SWAP bin audit provides key insights
In December 2020, Council undertook SWAP (Solid Waste Analysis Protocols) bin audits to help understand what waste services the public needs to dispose of their waste. By understanding what is thrown away, Council can plan waste services to help minimise the impact of the city’s waste on our environment.
Councils are required by law to undertake SWAP audits every three years. The data collected from these audits is used to review what improvements, if any, should be made to Council’s waste services to maximise waste diversion from landfills. It guides the Waste Management and Minimisation Plan (WMMP) that must be reviewed by Council every six years.
It also helps to identify gaps in recycling knowledge, and opportunities for education to improve waste minimization by locals.
You can read more about the December 2020 bin audit, here.
During 16-18 June, Council conducted a separate bin audit on the contents of household rubbish bins only. The data from the June waste audit will be used to show the winter waste generation trends in Rotorua, and can be compared with the summer trends from the December waste audit . This data will be used to plan an organic waste diversion service, which is being considered as part of Council’s LTP 2021-31.
Below are the results from the waste audit undertaken in December 2020
What are some key learnings from this?
According to this data:
- More than half of the contents of the average rubbish bin could be diverted from landfill.
There is an average of 56% organic waste in rubbish bins, and over 60% of the materials (including paper, tissues etc) are compostable. This shows that more than half of the waste in an average rubbish bin could be easily diverted from landfill.
The large amount of organic waste in rubbish bins supports Council’s plans to include organic waste collection services into the Long Term Plan 2021, to help reduce the impact of the city’s waste on the environment.
Composting can also be easily done at home, through a compost heap, worm farm or bokashi bin.
When food, grass and foliage are broken down in the landfill, they produce methane which is one of the major greenhouses gases contributing to climate change. When organic materials are composted they break down into nutrient rich soil that can be used as a fertilizer and soil conditioner. Composting is a circular process that turns food and other organic items back into dirt, to be able to grow more plants and food.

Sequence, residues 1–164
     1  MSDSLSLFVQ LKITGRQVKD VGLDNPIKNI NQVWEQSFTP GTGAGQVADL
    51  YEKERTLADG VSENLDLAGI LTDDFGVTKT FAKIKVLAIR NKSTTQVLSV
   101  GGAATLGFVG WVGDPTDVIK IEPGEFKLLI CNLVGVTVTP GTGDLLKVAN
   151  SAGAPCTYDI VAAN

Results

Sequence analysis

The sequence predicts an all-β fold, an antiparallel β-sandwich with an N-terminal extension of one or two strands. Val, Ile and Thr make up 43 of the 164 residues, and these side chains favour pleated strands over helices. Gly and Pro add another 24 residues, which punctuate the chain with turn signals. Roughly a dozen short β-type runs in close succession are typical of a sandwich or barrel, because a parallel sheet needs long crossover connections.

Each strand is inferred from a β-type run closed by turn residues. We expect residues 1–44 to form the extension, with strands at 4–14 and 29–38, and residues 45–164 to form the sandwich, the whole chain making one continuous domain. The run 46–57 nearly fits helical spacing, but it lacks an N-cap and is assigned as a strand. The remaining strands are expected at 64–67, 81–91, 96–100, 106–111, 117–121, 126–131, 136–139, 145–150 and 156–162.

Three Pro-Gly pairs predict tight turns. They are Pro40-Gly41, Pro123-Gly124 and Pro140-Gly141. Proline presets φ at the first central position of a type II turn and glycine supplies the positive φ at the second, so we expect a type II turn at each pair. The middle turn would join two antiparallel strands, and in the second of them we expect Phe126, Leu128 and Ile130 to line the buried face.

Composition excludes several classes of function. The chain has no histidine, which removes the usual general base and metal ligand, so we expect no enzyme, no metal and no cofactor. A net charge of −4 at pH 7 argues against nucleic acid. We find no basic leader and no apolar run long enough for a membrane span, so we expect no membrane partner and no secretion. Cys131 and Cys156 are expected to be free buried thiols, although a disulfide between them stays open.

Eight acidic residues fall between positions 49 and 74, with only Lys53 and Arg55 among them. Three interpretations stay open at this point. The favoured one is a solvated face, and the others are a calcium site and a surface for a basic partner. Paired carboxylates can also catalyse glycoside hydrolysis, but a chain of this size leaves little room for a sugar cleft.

Council is currently exploring an organic waste collection service to divert both food and green waste from the landfill through composting, and will be consulting with the community on a proposal for the service later this year.
- We have room to improve our recycling habits to reduce contamination in our recycling streams
The average level of contamination in recycling bins is 13.5%. Contamination includes items that are not supposed to be in the yellow lid recycling bin, and recyclable items that still have food or liquid inside, or are dirty.
In the previous waste audit in 2017, the contamination level in recycling bins was 7.82%.
This increase in recycling contamination for Rotorua could be due to many factors, including the change in resident recycling habits after the COVID-19 Alert Level Four lockdown in March 2020. Recycling systems all over NZ were challenged by Alert Level restrictions in early 2020, and temporarily paused to prevent the spread of COVID-19. Recycling was able to resume in June 2020, once safety measures were integrated into Recycling Centers and Material Recovery Facilities, to prevent the spread of COVID-19.
Some examples of recycling contaminants are soft plastics, glass bottles or jars (which should go into the blue glass recycling crate instead of the yellow lid recycling bin), re-usable containers, and other plastic items can’t be recycled through the kerbside service. You can find more information about common recycling contaminants here.
Recycling contamination is costly to Council and the environment.
During the 2019/2020 financial year, 562 tonnes of contaminants were removed from 2926 tonnes of collected mixed recycling from Rotorua, and sent to landfill. Reducing the amount of recycling contaminants in your recycling bin will help to lower the cost of recycling for the city, and also help lower emissions produced by trucks that transport the items between the Rotorua Recycling Centre, Material Recovery Facilities and landfill.
Putting only the correct items into your recycling bin, and ensuring recyclable items are clean and dry, will also reduce the number of items that unnecessarily go to landfill.
Where can I learn more about recycling, and improve my recycling skills?
You can find a list of items that you shouldn’t put into your recycling bin, here.
Learn tips to improve your recycling skills, here.
To learn more about contamination and why it is a problem, click here.
Council runs events and workshops to encourage residents to understand the importance of diverting waste from landfill, through recycling and other waste minimization techniques. If you would like for our Solid Waste and Sustainability team to visit your school, or to sign up for the next waste minimization workshop, contact email@example.com.
Council is currently working on a strategy to provide more education to Rotorua residents, and encourage locals to take pride in recycling correctly.
Contact firstname.lastname@example.org for more information.